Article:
141------------------
142
143Create a container based on a Debian template (provided you downloaded
144the template via the webgui before)
145
146 pct create 100 /var/lib/vz/template/cache/debian-8.0-standard_8.0-1_amd64.tar.gz
147
148Start container 100
149
150 pct start 100
151
152Start a login session via getty
153
154 pct console 100
155
156Enter the LXC namespace and run a shell as root user
157
158 pct enter 100
159
160Display the configuration
161
162 pct config 100
163
164Add a network interface called eth0, bridged to the host bridge vmbr0,
165set the address and gateway, while it's running
166
167 pct set 100 -net0 name=eth0,bridge=vmbr0,ip=192.168.15.147/24,gw=192.168.15.1
168
169Reduce the memory of the container to 512MB
170
171 pct set -memory 512 100
172
173Files
174------
175
176'/etc/pve/lxc/<vmid>.conf'::
177
178Configuration file for the container <vmid>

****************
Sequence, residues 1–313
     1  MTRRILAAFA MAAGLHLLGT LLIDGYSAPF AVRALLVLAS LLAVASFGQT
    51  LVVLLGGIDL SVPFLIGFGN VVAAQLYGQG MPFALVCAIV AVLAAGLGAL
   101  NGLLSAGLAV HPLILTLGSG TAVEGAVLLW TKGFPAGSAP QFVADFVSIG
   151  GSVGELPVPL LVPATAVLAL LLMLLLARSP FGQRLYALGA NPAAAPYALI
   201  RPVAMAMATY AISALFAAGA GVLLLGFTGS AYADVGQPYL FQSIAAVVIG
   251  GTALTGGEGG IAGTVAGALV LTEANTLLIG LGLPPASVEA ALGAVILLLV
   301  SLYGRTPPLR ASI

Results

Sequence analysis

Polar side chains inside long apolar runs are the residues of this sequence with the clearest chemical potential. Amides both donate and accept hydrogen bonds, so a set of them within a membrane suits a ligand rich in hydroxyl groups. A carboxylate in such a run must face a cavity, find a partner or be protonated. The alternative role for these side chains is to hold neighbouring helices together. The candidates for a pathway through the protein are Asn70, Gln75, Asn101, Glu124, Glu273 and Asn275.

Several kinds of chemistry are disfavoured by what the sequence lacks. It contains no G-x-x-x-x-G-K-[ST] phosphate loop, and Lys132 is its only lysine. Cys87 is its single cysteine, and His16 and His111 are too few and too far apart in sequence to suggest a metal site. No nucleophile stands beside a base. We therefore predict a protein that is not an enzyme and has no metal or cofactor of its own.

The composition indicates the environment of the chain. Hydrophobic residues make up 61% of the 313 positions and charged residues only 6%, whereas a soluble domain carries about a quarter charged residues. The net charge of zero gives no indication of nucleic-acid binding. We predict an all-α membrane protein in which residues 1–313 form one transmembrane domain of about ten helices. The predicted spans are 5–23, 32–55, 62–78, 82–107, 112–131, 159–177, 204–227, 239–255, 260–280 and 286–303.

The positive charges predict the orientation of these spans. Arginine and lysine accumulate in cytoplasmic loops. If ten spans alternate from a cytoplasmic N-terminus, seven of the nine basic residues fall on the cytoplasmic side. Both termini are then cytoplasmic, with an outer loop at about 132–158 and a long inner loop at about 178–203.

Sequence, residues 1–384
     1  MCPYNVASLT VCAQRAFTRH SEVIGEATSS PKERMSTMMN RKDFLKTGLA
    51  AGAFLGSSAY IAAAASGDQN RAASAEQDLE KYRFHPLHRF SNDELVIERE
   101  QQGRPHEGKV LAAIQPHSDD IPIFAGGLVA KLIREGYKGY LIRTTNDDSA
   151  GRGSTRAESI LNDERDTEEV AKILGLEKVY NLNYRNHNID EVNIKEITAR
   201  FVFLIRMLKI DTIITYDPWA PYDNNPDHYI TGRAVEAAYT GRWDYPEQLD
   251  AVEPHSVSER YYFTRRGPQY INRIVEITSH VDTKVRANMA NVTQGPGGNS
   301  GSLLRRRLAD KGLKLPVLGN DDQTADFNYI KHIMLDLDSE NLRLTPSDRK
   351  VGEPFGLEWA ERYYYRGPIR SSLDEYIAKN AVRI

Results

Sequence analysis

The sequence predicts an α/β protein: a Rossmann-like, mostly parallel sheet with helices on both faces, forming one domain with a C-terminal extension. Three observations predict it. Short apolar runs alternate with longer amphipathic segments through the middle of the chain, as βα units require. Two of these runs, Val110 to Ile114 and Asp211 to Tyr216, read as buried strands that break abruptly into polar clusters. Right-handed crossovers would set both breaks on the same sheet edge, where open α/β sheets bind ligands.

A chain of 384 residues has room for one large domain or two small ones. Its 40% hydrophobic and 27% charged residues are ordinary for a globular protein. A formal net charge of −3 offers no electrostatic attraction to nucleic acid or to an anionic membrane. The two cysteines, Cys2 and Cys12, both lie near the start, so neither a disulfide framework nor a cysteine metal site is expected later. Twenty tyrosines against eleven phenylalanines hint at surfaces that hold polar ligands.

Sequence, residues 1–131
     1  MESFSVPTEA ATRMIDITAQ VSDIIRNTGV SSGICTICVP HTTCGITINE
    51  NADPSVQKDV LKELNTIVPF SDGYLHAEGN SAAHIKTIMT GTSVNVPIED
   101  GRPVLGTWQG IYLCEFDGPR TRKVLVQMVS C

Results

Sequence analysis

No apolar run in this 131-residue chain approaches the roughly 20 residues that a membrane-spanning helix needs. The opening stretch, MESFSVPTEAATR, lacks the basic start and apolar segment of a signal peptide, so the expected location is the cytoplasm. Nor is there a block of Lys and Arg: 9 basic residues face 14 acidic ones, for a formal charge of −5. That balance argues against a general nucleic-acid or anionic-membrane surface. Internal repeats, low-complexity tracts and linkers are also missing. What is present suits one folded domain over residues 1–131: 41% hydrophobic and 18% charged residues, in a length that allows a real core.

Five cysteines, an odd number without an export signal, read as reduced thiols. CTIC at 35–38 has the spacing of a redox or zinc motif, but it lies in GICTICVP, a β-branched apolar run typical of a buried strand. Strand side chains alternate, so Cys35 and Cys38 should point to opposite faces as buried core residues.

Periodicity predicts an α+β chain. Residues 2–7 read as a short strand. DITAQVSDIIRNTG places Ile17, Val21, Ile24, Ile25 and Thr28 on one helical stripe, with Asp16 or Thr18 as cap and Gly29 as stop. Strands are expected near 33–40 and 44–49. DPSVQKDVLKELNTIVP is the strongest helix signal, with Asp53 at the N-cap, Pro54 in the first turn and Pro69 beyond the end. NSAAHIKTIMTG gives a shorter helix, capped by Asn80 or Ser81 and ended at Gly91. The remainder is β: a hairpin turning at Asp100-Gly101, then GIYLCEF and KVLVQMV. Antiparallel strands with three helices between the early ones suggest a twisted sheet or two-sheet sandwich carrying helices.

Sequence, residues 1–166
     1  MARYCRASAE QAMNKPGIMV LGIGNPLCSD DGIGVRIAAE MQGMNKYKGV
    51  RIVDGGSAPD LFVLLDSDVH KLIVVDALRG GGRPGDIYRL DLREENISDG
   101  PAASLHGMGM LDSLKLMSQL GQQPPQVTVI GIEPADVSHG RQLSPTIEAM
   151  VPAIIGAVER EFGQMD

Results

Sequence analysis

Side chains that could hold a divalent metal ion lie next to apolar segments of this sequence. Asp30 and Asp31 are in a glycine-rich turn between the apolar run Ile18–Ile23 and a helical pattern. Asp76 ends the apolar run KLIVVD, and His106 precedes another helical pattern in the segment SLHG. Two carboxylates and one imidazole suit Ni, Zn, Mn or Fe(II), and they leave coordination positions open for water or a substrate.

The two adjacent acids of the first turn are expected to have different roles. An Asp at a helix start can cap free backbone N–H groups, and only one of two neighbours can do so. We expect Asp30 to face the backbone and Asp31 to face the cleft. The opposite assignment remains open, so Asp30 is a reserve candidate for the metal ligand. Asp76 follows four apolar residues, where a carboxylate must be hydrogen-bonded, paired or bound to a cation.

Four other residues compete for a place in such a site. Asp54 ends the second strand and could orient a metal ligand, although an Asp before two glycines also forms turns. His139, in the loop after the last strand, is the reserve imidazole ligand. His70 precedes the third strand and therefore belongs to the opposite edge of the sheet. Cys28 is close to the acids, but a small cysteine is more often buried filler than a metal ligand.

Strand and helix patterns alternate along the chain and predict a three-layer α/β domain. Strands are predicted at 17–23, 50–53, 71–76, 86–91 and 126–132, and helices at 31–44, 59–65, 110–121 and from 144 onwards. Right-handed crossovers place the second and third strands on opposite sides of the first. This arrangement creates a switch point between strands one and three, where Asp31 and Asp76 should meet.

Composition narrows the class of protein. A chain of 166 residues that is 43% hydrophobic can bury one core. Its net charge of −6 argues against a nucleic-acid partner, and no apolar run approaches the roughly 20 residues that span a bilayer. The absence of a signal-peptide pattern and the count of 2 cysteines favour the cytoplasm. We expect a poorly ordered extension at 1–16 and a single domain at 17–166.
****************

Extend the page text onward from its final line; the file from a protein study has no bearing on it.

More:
179
180
181Container Advantages
182--------------------
183
184- Simple, and fully integrated into {pve}. Setup looks similar to a normal
185 VM setup.
186
187 * Storage (ZFS, LVM, NFS, Ceph, ...)
188
189 * Network
190
191 * Authentification
192
193 * Cluster
194
195- Fast: minimal overhead, as fast as bare metal
196
197- High density (perfect for idle workloads)
198
199- REST API
200
201- Direct hardware access
202
203
204Technology Overview
205-------------------
206
207- Integrated into {pve} graphical user interface (GUI)
208
209- LXC (https://linuxcontainers.org/)
210
211- cgmanager for cgroup management
212
213- lxcfs to provive containerized /proc file system
214
215- apparmor
216
217- CRIU: for live migration (planned)
218
219- We use latest available kernels (4.2.X)
220
221- image based deployment (templates)
222
223- Container setup from host (Network, DNS, Storage, ...)
224
225
226ifdef::manvolnum[]
227include::pve-copyright.adoc[]
228endif::manvolnum[]
229
230
231
232
233
234
235